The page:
Was Socrates Foolish not to Escape from Prison? Plato, in his dialogue Crito, presents Socrates’ response to his friends’ offer of assistance in escaping from imminent sentence of death imposed on him by the Athenian state. This essay will argue the thesis that Socrates was not “foolish” in his decision not to escape and save his life, but that this decision was the result of a well-argued philosophical position. This being said, an argument will be made that he should have escaped given the injustice of his sentence. Crito describes how Socrates is awoken in prison the day before his anticipated execution by his old friend Crito, who attempts to persuade Socrates to accept his assistance and escape from prison and into exile. Crito...The end:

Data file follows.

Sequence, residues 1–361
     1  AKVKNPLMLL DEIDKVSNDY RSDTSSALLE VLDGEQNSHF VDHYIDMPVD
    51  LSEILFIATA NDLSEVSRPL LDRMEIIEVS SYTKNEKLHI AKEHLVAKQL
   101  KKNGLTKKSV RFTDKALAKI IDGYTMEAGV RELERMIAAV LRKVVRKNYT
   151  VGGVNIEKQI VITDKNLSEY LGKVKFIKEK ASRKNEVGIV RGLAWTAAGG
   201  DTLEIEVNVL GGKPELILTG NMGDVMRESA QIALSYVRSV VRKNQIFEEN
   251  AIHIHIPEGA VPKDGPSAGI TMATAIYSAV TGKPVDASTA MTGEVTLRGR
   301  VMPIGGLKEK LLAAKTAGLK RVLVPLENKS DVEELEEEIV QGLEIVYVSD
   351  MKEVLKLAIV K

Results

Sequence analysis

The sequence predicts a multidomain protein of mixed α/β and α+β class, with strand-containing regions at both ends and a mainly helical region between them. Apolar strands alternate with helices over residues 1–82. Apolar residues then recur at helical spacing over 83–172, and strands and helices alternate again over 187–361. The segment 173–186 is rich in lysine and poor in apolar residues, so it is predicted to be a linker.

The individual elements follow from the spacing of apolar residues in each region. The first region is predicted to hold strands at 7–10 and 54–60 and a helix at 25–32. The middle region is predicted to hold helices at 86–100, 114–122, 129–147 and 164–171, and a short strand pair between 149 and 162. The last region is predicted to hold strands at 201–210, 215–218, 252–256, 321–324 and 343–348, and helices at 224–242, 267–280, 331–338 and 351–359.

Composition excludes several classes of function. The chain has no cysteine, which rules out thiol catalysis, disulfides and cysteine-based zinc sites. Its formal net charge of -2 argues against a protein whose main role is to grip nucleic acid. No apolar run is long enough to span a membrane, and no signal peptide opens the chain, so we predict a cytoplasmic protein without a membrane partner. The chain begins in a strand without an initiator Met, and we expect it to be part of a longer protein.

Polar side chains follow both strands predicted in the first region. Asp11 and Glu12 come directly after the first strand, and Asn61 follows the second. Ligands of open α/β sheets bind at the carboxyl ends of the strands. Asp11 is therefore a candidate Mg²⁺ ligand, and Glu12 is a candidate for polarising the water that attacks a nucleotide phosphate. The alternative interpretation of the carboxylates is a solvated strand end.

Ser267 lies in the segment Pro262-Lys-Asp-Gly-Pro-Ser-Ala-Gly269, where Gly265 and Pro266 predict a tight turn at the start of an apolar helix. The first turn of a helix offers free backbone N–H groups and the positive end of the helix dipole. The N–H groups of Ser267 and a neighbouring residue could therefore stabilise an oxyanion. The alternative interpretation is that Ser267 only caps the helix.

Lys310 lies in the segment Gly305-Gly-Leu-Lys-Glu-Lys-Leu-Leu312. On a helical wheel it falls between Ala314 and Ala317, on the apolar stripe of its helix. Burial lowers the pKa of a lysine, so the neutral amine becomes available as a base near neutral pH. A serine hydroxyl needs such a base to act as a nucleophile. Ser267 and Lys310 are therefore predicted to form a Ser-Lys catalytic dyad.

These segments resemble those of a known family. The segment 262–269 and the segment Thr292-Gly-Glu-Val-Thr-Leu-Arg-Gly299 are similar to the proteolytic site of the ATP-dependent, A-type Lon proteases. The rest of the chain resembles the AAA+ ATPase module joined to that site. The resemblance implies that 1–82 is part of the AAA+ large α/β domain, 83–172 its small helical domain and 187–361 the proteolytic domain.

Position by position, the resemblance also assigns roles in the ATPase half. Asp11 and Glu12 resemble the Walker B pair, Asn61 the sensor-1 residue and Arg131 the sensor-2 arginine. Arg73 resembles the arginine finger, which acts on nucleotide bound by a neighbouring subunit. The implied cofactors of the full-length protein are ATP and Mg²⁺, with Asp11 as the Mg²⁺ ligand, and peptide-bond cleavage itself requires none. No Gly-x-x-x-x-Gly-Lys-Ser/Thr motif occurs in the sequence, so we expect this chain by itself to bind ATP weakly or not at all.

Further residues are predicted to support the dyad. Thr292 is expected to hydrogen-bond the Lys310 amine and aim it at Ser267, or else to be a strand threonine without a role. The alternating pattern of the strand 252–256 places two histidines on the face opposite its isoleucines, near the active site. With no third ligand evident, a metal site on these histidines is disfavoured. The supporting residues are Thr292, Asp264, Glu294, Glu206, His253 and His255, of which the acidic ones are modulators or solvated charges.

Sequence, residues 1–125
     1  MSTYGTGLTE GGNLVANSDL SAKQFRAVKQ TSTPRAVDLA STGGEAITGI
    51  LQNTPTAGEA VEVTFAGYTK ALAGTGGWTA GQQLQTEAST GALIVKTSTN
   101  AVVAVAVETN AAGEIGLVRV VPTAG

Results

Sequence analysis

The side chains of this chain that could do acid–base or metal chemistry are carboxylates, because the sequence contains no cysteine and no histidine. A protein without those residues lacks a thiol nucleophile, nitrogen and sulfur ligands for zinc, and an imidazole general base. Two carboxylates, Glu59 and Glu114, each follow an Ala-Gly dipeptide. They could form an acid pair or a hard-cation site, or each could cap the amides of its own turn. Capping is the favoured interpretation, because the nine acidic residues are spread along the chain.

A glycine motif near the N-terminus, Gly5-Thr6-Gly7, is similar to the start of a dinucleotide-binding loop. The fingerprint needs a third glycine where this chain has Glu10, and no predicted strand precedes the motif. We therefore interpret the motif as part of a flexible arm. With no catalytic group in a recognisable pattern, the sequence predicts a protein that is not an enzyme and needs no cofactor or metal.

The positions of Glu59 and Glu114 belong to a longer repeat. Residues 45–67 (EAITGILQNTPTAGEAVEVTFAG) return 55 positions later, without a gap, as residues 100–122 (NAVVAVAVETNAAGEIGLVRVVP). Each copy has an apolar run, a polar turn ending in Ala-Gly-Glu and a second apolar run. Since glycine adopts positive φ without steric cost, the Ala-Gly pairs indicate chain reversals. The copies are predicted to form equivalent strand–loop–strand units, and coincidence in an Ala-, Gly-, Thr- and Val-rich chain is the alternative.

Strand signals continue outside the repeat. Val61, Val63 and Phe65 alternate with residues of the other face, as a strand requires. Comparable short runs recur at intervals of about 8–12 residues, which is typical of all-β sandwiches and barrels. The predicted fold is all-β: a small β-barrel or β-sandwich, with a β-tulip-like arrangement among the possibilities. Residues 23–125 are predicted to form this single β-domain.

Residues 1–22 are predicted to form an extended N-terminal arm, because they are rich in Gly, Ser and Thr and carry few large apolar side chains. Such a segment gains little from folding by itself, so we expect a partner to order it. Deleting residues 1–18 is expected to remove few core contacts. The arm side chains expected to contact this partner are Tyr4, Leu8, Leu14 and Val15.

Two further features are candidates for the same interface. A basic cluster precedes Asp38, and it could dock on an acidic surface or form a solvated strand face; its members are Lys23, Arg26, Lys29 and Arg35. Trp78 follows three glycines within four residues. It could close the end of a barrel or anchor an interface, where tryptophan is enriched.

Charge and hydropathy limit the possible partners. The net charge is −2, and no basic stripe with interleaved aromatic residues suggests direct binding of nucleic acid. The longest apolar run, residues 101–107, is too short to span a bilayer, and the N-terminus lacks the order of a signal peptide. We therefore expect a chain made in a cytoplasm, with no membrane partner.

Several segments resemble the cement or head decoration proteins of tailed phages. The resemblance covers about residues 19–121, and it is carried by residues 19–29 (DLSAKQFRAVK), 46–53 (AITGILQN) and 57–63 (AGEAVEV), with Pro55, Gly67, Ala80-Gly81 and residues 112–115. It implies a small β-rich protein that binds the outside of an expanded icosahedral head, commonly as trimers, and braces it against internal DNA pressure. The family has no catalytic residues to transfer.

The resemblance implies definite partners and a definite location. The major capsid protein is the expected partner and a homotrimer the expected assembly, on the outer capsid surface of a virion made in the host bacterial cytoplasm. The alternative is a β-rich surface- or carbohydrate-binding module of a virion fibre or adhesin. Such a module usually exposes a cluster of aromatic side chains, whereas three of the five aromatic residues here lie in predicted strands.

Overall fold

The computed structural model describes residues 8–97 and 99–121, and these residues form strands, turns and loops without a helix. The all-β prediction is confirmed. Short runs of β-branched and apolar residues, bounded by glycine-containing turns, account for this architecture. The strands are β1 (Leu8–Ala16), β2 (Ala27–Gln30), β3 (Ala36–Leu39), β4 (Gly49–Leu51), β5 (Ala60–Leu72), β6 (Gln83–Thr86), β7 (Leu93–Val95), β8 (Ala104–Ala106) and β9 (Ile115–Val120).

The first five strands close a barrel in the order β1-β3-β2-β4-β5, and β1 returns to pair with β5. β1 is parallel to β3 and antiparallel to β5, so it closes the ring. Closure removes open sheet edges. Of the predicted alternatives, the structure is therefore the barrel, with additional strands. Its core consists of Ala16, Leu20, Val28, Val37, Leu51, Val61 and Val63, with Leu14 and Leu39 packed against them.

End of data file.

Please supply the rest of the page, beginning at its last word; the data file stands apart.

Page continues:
.....nd its Laws. To use the military analogy again, this would be as if a soldier on duty is ordered, by his immediate superior, to commit an illegal act or a crime. While the soldier has a duty, given the “implied contract”, to obey the orders of his superior, he has a higher duty to the Laws of his country. Thus, in the case of Socrates, while he was clearly not “foolish” in deciding that he could not escape – as his arguments are both strong and well-argued – it may be argued that he should nonetheless have escaped as his ultimate duty was to the Laws of Athens instead of to the men who sentenced him. Bibliography Plato. Crito. In Christopher Biffle, ed., A Guided Tour of Five Works by Plato Third Edition. Toronto: Mayfield Publishing, 2001.